Today's first offering is from reader Robert Bentley. One of the best writers on the Internet by far is Bill Bonner. Here's a short piece he wrote on the subject of debt… all kinds of debt. I've seen few people that can cut to the chase in such few words on such a big subject as Bonner can. This 3-minute read, posted over at lewrockwell.com, is very much worth your time… and is headlined "Debt Delenda Est"… and the link is here.
My next item is from reader Roy Stephens… and the first paragraph reads as follows: "It cannot be reported as fact, but rumor and logic suggest that a highly secret group of German officials is secluded in a discreet Frankfurt office suite and trying to draft a contingency plan for a return to the deutsche mark." The story is from UPI's Editor Emeritus, Martin Walker… and was filed from Brussels yesterday. The headline reads "Walker's World: The Price of Ireland"… and the link is here.
Here's Roy Stephens second offering of the day… and it's a bit of a read. It was posted yesterday over at the German website spiegel.de… and is headlined "Europe's Never-ending Crisis: Can the Euro Still Be Saved?" The link is here.
The following story comes courtesy of reader Scott Pluschau. It's a piece that was posted on Sunday over at finance.yahoo.com. The first paragraph reads as follows: "The new Basel III banking rules will leave the biggest U.S. banks short of between $100 billion and $150 billion in equity capital, with 90 per cent of the shortfall concentrated in the top six banks. Without even checking the last OCC derivatives report, the six banks in question hold more than 90% of all derivatives held by U.S. banks. The headline reads "Top banks face $100 billion Basel shortfall: report"… and it's a handful of short paragraphs. The link ishere.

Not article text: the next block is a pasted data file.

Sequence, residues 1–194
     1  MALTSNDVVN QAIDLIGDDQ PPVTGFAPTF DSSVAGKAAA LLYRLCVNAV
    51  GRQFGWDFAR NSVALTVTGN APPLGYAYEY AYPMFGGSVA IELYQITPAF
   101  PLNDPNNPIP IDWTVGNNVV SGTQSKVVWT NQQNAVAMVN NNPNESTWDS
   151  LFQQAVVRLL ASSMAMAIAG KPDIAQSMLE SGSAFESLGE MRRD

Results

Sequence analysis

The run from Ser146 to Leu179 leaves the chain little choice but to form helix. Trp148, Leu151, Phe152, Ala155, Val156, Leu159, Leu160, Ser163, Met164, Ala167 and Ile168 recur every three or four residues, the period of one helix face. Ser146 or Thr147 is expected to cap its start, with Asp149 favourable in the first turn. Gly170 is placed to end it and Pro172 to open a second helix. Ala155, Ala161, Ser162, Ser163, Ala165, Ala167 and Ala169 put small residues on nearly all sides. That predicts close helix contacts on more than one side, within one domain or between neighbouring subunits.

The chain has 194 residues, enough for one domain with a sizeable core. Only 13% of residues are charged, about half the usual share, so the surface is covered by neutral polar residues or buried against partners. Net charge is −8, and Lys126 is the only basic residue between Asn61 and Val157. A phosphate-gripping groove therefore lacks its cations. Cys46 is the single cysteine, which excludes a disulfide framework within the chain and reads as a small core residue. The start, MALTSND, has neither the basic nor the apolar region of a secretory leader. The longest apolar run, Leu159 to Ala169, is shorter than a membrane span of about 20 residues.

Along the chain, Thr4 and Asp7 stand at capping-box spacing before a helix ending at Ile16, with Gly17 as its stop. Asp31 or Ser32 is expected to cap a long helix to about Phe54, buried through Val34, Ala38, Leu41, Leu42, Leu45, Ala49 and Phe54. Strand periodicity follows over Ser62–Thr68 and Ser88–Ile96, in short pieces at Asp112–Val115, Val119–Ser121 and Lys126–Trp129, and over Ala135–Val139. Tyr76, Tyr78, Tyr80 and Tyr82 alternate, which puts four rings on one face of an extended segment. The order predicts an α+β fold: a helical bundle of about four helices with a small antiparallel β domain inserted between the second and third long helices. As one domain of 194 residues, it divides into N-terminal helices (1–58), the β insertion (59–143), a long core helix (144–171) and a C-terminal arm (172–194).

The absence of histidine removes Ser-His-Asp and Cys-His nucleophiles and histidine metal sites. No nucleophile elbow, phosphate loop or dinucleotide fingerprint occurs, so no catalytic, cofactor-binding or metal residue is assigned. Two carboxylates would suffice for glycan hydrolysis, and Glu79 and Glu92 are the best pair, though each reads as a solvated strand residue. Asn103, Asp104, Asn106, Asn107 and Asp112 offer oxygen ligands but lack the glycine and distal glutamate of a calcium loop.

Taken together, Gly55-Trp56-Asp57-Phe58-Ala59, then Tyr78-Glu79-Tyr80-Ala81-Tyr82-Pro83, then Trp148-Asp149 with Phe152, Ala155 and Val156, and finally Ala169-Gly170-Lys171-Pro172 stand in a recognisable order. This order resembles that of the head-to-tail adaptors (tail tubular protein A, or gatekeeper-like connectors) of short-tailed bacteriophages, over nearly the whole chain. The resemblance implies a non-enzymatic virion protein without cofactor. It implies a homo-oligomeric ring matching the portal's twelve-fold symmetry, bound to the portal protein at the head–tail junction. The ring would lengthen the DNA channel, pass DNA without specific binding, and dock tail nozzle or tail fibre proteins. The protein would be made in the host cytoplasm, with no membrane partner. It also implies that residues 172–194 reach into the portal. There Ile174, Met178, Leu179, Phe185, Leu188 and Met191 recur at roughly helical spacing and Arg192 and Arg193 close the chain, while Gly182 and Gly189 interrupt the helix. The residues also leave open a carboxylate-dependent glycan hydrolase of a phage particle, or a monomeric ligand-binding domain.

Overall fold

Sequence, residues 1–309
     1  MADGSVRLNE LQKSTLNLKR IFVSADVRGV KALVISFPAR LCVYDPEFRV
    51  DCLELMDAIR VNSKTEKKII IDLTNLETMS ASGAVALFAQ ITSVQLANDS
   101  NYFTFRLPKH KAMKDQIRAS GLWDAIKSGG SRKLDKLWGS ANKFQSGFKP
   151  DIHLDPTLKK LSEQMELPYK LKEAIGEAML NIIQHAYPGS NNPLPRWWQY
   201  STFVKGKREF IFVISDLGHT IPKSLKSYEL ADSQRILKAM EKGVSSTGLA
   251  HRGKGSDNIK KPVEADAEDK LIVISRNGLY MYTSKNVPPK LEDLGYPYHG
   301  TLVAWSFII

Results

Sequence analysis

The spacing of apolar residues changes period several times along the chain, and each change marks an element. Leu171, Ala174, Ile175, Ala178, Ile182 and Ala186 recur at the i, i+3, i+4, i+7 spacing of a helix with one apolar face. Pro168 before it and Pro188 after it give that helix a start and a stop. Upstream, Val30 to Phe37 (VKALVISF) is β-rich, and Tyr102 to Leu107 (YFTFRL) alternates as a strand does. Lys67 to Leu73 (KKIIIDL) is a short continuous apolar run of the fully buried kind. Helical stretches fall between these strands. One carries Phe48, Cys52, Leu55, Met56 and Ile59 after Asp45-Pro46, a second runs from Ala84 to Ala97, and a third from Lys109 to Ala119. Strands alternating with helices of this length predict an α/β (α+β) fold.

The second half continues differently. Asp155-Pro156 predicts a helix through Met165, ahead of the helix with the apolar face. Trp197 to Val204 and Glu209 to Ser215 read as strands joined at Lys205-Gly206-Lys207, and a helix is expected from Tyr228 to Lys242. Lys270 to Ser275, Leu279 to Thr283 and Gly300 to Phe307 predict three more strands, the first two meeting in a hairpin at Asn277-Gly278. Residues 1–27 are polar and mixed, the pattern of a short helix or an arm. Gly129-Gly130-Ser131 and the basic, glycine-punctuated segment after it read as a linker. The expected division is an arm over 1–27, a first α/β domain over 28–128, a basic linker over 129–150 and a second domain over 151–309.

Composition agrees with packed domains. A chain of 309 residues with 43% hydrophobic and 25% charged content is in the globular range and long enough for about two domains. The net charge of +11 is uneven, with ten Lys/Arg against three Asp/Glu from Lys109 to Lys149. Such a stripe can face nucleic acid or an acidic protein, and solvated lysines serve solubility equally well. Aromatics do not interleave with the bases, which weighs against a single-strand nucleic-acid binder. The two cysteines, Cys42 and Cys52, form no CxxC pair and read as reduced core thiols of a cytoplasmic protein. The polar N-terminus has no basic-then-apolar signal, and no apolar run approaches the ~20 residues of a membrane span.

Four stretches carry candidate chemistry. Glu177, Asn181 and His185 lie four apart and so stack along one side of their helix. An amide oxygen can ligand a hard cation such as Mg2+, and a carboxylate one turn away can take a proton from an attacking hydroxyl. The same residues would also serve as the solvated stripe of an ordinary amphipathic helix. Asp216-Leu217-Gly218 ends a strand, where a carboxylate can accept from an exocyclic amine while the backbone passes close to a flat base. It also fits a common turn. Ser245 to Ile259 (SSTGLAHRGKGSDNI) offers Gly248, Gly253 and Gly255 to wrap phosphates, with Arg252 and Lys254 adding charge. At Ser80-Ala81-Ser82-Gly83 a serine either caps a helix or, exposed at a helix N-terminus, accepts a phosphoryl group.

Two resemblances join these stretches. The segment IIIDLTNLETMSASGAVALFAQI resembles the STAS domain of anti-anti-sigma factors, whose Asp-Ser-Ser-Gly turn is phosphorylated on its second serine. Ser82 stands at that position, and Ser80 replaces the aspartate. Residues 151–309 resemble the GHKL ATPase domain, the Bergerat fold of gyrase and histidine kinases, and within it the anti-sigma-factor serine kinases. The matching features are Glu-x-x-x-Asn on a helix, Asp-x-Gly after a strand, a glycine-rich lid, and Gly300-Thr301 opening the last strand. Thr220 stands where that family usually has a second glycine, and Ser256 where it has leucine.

Reader Charlie Orr sent me a rather longish Consuelo Mack interview with David Einhorn of Greenlight Capital that's posted over at pragcap.com. This was the first time I'd laid eyes on this guy… or heard him speak… and he's a real sharp cookie. I've listened to most of the interview… and he talks about gold quite a bit… but other things as well. The interview runs about half a hour… and is well worth your time. The link is here.
Pretty much all of the remaining stories are gold or silver related and… like the stories above… you can pick and choose.
The first story is from the Saturday edition of the Los Angeles Times… and bears the headline "A cautionary tale for gold and silver buyers". Some Monex customers allege that they were misled and even lied to by the Newport Beach firm and lost thousands of dollars on their precious metal investments, despite the bull market in gold and silver. The paragraph about Monex's margin account agreement is a real eye-opener. The link to this story, which is definitely worth your time, is here.
The next story is a Bloomberg piece that was sent to me by reader Donna Badach. Silver-coin sales will climb as investors seek to protect their wealth from weakening currencies, according to the Perth Mint, producer of about 6 percent of the world’s gold bullion. The headline reads "Silver Sales to Jump as Demand Gains, Perth Mint Says"… and the link is here.
Here's another Bloomberg story… and the first person through the door with this one was Russian reader Alex Lvov in the wee hours of Monday morning. It showed up as a GATA release later in the day bearing Chris Powell's headline of "Bloomberg can't note gold's rise without disparaging it". The actual headline reads "Soros Gold Bubble Expanding as ETP Holdings Increase". As you read the story, you can decide which headline is more applicable… and the link is here.
Reader 'David in California' has another Bloomberg piece on the precious metals. This headline reads "Gold, Silver to Beat Farm Commodities, SocGen Says". Palladium, gold and silver will extend their rallies next year and investors should remain overweight in precious metals, which will outperform farm products including sugar, according to Société Générale SA. The link ishere.